One priority that can definitely be set is confronting corporations in the National Parks. As long as they succeed in one development, one quarry, one pipeline, the vampires will push on with another attack. It should be our job to make them scared enough to retreat — at least out of some of the National Parks.
The National Parks are immensely important and the hold they have over popular imagination makes them easier to organise around than other areas. It is also often easier to find out about threats facing the Parks. If the companies are given an inch they’ll take a mile, but if their profits are threatened they’ll run a mile.
The present Nine Ladies action camp in the Peak District National Park stands a fair chance of success, has strengthened the resolve of local conservationists and is deterring other destructive projects.
Defence of the Wild Periphery
Our movement for the wild has evolved in a physical and political environment lacking big wilderness. Habitats near large human population centres are more likely to defended by us than wilder and more precious eco-systems far from the cities. Wildness is everywhere from the grass between the paving slabs to the high mountains. It’s good that we defend wild pockets in deserts of development (the M11, Abbey Pond, Crystal Palace etc.) — primarily for such struggles’ (r)evolutionary potential — but we should not ignore ‘the mountains’ altogether. So far this has largely been the case.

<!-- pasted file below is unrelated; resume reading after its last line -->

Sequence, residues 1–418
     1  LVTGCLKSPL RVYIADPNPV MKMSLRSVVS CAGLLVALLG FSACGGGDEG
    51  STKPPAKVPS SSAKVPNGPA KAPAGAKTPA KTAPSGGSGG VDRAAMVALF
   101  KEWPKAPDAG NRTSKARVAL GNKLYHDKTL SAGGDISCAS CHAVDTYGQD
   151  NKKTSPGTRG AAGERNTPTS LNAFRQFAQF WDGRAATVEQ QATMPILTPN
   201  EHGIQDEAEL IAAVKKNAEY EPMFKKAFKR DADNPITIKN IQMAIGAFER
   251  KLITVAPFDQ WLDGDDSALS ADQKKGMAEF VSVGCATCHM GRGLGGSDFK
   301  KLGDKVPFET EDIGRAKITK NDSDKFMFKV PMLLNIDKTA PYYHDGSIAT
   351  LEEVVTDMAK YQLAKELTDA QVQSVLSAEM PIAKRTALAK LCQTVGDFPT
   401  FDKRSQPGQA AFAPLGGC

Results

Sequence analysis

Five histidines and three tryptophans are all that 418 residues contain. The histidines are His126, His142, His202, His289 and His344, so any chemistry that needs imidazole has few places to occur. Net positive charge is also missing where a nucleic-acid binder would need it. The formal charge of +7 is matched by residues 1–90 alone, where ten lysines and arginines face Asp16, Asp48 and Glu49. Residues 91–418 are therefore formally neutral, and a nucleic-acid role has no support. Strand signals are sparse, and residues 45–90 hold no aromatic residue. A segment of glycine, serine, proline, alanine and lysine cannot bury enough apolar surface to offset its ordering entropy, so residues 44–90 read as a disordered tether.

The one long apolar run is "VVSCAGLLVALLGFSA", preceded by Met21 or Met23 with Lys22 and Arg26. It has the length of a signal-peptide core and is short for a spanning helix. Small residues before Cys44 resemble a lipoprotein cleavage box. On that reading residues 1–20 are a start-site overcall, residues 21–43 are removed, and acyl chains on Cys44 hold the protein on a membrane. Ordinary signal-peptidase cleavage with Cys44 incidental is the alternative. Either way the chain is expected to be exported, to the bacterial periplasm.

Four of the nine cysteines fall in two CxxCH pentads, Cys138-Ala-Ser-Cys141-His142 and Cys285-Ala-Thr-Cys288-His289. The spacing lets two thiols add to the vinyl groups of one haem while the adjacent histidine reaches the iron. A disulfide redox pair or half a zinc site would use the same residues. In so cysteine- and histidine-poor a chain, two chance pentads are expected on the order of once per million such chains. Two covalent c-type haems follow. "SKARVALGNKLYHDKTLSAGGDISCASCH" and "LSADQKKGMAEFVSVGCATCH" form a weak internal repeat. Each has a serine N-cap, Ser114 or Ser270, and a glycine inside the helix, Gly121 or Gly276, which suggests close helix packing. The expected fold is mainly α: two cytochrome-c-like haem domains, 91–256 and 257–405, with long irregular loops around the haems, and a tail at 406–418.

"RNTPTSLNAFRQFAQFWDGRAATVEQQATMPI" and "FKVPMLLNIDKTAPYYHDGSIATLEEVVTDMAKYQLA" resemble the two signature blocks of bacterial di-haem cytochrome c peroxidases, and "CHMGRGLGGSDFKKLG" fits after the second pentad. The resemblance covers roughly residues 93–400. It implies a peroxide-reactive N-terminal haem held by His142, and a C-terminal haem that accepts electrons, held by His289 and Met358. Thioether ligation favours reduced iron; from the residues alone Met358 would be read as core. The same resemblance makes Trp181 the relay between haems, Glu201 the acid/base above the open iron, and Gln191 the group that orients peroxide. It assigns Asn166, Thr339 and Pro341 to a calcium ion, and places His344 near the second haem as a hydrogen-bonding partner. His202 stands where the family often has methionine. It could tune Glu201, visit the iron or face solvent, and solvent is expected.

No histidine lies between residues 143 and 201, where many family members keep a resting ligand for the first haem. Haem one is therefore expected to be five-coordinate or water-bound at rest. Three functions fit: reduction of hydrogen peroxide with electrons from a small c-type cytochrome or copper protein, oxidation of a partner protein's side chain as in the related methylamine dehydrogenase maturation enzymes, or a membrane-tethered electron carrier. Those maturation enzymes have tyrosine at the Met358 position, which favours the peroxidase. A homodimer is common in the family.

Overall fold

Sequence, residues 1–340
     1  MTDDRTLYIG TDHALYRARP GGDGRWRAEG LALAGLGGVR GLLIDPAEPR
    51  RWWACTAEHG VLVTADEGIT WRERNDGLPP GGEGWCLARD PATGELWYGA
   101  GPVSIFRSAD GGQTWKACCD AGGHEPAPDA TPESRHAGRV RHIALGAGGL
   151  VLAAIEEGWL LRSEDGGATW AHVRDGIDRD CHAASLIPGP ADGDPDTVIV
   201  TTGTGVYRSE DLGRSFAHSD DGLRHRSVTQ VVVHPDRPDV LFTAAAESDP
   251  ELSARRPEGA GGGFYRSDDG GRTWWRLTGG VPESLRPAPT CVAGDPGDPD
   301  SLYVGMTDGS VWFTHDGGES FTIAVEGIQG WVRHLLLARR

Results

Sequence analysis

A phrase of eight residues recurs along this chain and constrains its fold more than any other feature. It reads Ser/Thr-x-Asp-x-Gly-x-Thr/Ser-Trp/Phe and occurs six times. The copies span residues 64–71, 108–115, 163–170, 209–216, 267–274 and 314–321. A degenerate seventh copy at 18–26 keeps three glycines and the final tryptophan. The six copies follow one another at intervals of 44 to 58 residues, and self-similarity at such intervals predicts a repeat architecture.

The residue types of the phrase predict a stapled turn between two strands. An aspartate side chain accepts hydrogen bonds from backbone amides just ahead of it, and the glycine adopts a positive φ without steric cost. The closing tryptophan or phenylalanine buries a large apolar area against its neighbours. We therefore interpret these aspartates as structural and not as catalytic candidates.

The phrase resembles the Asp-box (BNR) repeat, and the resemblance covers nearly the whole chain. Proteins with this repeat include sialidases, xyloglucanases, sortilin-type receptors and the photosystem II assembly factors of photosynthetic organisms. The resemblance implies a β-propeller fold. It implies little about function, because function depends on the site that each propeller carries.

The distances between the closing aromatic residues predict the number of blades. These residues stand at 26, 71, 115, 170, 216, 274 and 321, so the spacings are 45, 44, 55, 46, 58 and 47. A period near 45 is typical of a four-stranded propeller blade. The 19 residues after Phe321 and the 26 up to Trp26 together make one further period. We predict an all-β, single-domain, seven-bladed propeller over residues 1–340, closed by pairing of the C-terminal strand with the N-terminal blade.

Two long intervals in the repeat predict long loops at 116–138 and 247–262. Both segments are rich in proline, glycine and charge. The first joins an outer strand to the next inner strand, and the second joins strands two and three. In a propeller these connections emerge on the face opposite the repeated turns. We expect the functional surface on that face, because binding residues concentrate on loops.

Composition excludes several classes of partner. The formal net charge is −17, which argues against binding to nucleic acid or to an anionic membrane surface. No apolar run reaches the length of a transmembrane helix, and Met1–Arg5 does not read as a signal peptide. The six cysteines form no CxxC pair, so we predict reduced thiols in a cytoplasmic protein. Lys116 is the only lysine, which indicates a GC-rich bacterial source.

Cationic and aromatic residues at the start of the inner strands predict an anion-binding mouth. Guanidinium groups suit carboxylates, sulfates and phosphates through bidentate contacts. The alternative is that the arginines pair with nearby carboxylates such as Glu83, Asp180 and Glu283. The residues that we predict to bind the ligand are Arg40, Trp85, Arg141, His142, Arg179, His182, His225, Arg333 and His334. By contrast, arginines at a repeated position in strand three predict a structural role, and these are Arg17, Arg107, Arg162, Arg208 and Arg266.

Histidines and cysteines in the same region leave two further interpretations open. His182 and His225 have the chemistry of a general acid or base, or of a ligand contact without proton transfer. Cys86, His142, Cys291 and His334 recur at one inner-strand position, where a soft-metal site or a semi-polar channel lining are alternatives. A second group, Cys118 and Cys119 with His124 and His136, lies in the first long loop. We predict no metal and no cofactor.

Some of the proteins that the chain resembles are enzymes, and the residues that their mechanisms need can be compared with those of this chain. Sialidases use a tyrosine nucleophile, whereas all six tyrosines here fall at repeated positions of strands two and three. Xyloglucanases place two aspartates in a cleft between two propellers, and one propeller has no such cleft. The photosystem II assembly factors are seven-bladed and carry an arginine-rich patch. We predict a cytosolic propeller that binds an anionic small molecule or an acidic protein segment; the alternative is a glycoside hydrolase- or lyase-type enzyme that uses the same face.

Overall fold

With the exception of some good work in North Wales, the stillborn (but dramatic) campaign against the Skye Bridge and the victorious defence of the Pressmenan Woods Caledon remnant, defence of the wild periphery has been pretty paltry.
An example of our failures can be found in the Cairngorms — one of Britain’s largest roadless areas. For at least 8 years I remember occasional campfire/pub chat about the possible construction of a funicular railway up Cairngorm. It’s been very contentious as the train replacing the ageing chairlift (itself an aberration) will massively increase the amount of people on the Cairngorm Plateau (1,000 a day is a figure bandied about). With them we knew would come much damage and significant building work, shops and all. Plans are even being discussed for hotels! This isn’t fucking Mayfair — it’s the summit plateau of one the wildest areas in Britain. Many said that direct action should be used if construction started. The project was put on hold at one point and I for one presumed it had been cancelled.